Further, his descriptions of what took place before and after the destruction of the Jewish temple in 70 CE are extremely detailed and accurate. For example, Josephus writes about the lots used by the Jews at Masada and the Roman ramp constructed out of solid earth to lay siege to it, evidence for which we have today.—The Wars of the Jews Book 7, Chapter 8.5; Wars of the Jews 7.395-400.
A little later in his Antiquities Josephus writes about a certain “James” whom he called “the brother of Jesus the so-called Christ” (Antiquities 20.9). This agrees with the history of Jesus’ life written by Jesus’ early follower Mark (6:2-3), as well as the New Testament letter to the Galatians (1:19), written by Paul, who describes James as “the Lord’s brother.” Here is the near-complete account by Josephus about what happened to Jesus’ half-brother James:
IT is a rule, Sir, which I inviolably observe, to refer myself to you in all my doubts; for who is more capable of guiding my uncertainty or informing my ignorance? Having never been present at any trials of the Christians, I am unacquainted with the method and limits to be observed either in examining or punishing them. Whether any difference is to be made on account of age, or no distinction allowed between the youngest and the adult; whether repentance admits to a pardon, or if a man has been once a Christian it avails him nothing to recant; whether the mere profession of Christianity, albeit without crimes, or only the crimes associated therewith are punishable in all these points I am greatly doubtful.
In the meanwhile, the method I have observed towards those who have been denounced to me as Christians is this: I interrogated them whether they were Christians; if they confessed it I repeated the question twice again, adding the threat of capital punishment; if they still persevered, I ordered them to be executed. For whatever the nature of their creed might be, I could at least feel no doubt that contumacy and inflexible obstinacy deserved chastisement. There were others also possessed with the same infatuation, but being citizens of Rome, I directed them to be carried thither.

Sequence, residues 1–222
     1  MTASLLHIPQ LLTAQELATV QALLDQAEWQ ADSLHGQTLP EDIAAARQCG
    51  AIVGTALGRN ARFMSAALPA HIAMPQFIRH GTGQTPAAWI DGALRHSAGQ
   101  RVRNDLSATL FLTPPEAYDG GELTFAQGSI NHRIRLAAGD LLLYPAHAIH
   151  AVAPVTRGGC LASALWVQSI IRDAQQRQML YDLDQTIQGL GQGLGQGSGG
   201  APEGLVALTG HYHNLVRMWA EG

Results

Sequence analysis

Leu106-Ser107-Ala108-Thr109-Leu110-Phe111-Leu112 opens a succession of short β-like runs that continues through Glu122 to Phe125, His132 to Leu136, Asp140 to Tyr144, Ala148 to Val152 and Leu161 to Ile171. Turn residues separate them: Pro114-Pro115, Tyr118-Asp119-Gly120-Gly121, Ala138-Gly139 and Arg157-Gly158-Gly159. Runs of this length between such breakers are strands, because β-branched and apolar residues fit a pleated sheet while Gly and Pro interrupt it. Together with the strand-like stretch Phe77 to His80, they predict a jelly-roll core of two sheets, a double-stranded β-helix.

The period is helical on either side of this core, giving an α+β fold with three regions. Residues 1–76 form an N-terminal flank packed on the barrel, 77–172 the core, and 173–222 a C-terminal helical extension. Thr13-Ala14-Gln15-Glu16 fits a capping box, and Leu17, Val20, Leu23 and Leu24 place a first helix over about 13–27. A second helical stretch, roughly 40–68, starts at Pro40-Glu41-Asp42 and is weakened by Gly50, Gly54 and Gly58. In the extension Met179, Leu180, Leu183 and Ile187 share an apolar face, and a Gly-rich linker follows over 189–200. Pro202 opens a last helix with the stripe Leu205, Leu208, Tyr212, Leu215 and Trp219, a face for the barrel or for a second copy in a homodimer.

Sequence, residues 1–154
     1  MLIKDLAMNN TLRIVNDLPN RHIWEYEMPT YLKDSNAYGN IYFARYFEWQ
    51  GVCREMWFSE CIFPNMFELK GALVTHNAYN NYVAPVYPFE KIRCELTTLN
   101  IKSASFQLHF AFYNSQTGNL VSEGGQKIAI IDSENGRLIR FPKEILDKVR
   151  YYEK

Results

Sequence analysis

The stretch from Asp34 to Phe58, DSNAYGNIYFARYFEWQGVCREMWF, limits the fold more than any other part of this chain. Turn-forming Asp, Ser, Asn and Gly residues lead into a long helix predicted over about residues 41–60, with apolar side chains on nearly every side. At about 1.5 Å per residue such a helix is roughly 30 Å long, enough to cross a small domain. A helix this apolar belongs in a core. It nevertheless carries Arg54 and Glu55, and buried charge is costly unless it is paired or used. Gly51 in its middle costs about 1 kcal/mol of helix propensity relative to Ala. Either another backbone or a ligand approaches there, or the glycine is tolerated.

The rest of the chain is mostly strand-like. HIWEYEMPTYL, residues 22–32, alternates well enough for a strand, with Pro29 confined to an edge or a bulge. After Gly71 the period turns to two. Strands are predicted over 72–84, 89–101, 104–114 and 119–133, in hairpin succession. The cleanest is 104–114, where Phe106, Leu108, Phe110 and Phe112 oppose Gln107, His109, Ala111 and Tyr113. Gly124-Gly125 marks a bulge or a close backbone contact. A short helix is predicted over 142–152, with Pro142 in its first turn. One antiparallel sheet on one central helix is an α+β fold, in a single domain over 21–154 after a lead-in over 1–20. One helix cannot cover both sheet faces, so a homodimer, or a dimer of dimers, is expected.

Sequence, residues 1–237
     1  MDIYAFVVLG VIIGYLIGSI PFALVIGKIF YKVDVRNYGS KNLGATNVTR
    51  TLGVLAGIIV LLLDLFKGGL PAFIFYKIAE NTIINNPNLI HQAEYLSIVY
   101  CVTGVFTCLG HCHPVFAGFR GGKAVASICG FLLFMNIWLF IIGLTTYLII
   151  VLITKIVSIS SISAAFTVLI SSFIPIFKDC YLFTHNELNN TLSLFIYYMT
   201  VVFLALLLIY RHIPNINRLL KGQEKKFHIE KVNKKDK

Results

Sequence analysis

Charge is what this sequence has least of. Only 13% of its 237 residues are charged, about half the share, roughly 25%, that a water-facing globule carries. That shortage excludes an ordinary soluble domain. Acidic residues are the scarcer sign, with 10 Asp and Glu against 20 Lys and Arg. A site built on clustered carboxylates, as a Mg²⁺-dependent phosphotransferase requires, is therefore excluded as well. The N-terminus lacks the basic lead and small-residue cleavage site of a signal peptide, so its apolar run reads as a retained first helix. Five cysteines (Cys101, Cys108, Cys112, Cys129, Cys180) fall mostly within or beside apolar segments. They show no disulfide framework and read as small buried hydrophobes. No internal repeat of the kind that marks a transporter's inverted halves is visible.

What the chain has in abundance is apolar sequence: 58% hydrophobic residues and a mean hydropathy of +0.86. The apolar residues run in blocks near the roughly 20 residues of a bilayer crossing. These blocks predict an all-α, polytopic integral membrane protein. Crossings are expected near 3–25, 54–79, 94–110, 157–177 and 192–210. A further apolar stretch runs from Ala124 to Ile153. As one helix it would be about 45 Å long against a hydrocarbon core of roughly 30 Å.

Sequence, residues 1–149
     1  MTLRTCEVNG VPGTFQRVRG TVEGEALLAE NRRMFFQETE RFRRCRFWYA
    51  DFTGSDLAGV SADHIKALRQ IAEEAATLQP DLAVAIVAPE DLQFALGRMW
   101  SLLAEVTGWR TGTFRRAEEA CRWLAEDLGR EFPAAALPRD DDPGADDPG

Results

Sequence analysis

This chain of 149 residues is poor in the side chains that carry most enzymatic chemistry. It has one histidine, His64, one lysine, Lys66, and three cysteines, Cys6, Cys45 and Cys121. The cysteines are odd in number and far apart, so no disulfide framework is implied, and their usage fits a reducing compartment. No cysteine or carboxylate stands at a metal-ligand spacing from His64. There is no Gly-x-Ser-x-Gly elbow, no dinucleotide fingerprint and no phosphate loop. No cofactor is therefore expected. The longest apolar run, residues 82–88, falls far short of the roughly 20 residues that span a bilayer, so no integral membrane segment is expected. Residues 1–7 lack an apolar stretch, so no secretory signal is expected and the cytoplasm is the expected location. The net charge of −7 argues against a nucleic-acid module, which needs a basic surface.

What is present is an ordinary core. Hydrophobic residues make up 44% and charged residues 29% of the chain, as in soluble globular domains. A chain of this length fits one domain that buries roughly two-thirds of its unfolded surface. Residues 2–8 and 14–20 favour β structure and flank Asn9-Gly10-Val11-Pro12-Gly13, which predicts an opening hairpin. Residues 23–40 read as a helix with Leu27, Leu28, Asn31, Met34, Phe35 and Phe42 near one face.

These accusations spread (as is usually the case) from the mere fact of the matter being investigated and several forms of the mischief came to light. A placard was put up, without any signature, accusing a large number of persons by name. Those who denied they were, or had ever been, Christians, who repeated after me an invocation to the Gods, and offered adoration, with wine and frankincense, to your image, which I had ordered to be brought for that purpose, together with those of the Gods, and who finally cursed Christ none of which acts, it is said, those who are really Christians can be forced into performing these I thought it proper to discharge. Others who were named by that informer at first confessed themselves Christians, and then denied it; true, they had been of that persuasion but they had quitted it, some three years, others many years, and a few as much as twenty‑ five years ago. They all worshipped your statue and the images of the Gods, and cursed Christ.